Growing Up

How living walls are changing B.C.’s corporate landscape

by Felicity Stone

Since French botanist Patrick Blanc planted the first vertical garden in Paris almost 30 years ago, living walls have sprouted up everywhere, including B.C.—and so have the Vancouver-based companies that install them. And while plants covering exterior façades may be more familiar, living walls are being installed inside commercial and corporate spaces where they are not only beautiful but improve air quality.

Unlike walls covered in vines that are rooted in the ground, in vertical gardens plants grow in a medium attached to the wall. There are essentially two types of system: hydroponic and soil-based. Soil-based living walls use various containers—trays, planters, pots, bags—to contain the soil. With hydroponic setups, plants root in fibrous mats with nutrients delivered via the irrigation system.

Installation costs range from $80 to $250 per square foot depending on the design, location, size and company: since the irrigation system is the most expensive component, the price per square foot drops as the size of the garden increases.

Like any garden, living walls require watering and maintenance. Maintenance services are always advisable—some installation companies insist on doing the maintenance for at least the first year or provide a guarantee as part of the service. Costs depend on the size and accessibility of the wall, ranging from $50 per visit to $25 to 65 per square foot or $200 to 300 a month. ■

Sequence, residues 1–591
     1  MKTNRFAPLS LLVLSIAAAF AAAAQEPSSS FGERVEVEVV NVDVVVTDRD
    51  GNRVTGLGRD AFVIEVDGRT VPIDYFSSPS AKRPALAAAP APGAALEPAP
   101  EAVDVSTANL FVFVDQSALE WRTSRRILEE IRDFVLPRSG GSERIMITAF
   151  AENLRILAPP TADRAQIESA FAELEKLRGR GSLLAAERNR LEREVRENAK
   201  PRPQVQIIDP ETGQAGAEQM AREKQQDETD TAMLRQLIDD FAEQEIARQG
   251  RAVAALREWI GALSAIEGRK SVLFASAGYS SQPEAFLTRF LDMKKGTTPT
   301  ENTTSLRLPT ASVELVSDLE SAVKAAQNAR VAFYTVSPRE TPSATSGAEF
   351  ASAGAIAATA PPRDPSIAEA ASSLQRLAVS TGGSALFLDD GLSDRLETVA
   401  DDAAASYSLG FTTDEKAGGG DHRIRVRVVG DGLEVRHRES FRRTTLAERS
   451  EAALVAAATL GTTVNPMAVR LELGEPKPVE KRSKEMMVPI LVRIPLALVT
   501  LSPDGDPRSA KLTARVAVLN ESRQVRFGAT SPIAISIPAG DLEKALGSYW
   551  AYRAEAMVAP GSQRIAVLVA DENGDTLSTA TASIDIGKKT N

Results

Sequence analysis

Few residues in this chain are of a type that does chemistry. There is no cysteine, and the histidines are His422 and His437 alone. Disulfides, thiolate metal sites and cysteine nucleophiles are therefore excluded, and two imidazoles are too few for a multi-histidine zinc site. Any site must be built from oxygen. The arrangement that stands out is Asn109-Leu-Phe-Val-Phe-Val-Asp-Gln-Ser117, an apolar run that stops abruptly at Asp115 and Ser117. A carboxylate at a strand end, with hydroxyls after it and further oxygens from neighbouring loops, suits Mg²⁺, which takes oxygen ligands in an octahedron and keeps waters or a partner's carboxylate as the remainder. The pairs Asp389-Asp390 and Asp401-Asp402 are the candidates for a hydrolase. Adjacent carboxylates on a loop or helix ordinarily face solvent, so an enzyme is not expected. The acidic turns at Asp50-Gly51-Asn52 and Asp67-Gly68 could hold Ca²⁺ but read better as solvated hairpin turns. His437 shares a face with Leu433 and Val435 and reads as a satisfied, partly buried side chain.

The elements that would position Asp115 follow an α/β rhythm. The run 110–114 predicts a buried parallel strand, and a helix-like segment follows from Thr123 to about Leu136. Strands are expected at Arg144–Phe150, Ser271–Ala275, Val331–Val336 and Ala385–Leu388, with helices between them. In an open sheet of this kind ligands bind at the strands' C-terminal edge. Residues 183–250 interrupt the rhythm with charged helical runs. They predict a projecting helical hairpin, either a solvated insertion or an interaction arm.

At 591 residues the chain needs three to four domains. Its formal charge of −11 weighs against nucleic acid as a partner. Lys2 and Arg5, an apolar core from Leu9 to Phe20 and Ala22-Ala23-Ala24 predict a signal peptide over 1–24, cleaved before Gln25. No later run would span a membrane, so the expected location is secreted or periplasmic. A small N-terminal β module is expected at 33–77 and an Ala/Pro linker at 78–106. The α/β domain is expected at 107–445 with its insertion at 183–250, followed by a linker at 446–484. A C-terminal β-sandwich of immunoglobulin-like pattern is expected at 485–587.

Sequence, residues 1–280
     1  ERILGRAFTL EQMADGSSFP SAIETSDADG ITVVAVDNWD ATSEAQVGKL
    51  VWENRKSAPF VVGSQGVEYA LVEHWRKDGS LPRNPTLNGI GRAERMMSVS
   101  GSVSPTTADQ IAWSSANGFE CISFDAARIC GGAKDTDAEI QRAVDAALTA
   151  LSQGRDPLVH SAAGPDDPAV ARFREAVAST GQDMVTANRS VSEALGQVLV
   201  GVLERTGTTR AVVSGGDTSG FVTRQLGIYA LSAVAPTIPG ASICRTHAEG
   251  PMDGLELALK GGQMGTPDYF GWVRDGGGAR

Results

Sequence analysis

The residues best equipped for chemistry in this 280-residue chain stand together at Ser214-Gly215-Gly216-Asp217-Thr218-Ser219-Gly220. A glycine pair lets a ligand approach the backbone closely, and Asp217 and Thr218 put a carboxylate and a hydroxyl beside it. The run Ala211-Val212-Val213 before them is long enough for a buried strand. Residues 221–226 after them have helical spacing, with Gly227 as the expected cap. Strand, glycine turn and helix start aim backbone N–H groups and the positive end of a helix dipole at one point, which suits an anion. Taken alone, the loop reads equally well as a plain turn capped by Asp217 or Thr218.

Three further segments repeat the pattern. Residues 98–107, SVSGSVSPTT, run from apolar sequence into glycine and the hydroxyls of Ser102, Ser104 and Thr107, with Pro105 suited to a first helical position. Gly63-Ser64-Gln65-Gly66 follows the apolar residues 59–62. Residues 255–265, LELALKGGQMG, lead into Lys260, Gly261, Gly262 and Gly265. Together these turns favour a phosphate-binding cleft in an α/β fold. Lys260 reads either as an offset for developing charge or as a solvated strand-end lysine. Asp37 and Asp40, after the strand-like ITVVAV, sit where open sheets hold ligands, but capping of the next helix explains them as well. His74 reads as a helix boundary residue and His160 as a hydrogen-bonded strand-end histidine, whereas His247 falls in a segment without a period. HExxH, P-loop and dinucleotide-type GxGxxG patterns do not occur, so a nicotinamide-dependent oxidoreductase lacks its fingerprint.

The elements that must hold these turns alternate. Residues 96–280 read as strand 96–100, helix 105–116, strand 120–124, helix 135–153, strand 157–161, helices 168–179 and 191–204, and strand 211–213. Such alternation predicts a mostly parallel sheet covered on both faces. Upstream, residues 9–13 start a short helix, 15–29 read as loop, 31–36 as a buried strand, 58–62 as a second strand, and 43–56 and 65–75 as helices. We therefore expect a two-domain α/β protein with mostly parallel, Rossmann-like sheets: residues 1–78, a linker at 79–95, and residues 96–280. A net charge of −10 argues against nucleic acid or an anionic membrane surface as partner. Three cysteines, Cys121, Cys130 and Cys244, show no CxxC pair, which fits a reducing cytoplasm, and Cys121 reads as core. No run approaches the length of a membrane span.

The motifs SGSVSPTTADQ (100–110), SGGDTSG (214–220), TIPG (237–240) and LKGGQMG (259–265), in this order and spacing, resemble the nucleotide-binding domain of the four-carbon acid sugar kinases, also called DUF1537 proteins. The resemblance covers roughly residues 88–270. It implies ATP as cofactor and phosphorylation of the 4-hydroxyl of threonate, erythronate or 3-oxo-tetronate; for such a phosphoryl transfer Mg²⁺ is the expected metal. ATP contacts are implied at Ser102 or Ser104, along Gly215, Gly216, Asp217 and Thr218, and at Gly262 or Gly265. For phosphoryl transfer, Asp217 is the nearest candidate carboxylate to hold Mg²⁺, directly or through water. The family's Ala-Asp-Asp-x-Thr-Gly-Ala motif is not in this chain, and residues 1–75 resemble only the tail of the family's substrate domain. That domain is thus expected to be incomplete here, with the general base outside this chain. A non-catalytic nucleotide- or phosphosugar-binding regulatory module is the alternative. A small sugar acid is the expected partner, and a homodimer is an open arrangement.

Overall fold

Growing Underground Architek, which specializes in green roofs, vertical greening and site water management, used the soil-based ModuloGreen living wall system for the basement boardroom of Brenhill Developments’ office in Vancouver. Since the room has no windows, grow lights behind the stainless-steel valance turn on for a while every night.

In the Frame As well as teaching green wall technologies at BCIT to contractors, architects, designers and homeowners, horticultural engineer Nicolas Rousseau creates interior and exterior living walls and sells a variety of planting systems through his company ByNature. The 60-square-foot wall he installed at FS Financial in Vancouver uses his soil-based ModuloGreen system. An aluminum frame conceals the automatic irrigation apparatus.

Verdant in Vernon

GSky Plant Systems used its soil-based Versa Wall system to build a vertical garden in the atrium of Kal Tire’s headquarters in Vernon. Founded in 2004, GSky has done more than 100 living walls, both interior and exterior, all over the world, from the Oprah Winfrey Network in California and international West Elm locations to the Uptown Centre in Victoria, Vancouver International Airport and Whole Foods in Vancouver.

Living Tapestry The living wall in Lululemon’s Vancouver headquarters is designed to evoke wood grain with a knot in the middle. “Normally I do more abstract art pieces,” says Green over Grey co-founder Mike Weinmaster, who combines plants ranging from flowering perennials and ground covers to shrubs and small trees. Using a lightweight hydroponic system, Green over Grey has created interior and exterior vertical gardens for offices, banks, airports, shopping centres and residences throughout North America.

Botanical Branding As a brand based on an organic material, Icebreaker Merino Clothing wanted a strong presence of greenery with a lush, artistic look for the employee spaces of its Vancouver office. Heather May of Greenstems, a Gastown floral shop that focuses on small-scale indoor living walls, used a soil-based Woolly Pocket system for a wall in the kitchen/lounge and also provided terrariums and spatial planting.